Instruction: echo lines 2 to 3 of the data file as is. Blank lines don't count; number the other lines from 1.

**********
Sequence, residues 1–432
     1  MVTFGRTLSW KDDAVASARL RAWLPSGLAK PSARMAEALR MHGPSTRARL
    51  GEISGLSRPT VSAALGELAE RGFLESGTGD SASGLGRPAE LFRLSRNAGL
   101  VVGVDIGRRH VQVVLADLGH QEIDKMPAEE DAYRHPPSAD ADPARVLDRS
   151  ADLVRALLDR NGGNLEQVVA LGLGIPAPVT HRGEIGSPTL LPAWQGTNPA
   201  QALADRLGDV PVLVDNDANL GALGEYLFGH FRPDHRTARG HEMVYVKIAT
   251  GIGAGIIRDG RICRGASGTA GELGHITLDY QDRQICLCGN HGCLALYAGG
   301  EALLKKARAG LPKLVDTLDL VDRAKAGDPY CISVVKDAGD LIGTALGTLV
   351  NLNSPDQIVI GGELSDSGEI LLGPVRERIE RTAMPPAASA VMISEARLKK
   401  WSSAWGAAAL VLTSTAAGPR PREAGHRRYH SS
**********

     1  MVTFGRTLSW KDDAVASARL RAWLPSGLAK PSARMAEALR MHGPSTRARL
    51  GEISGLSRPT VSAALGELAE RGFLESGTGD SASGLGRPAE LFRLSRNAGL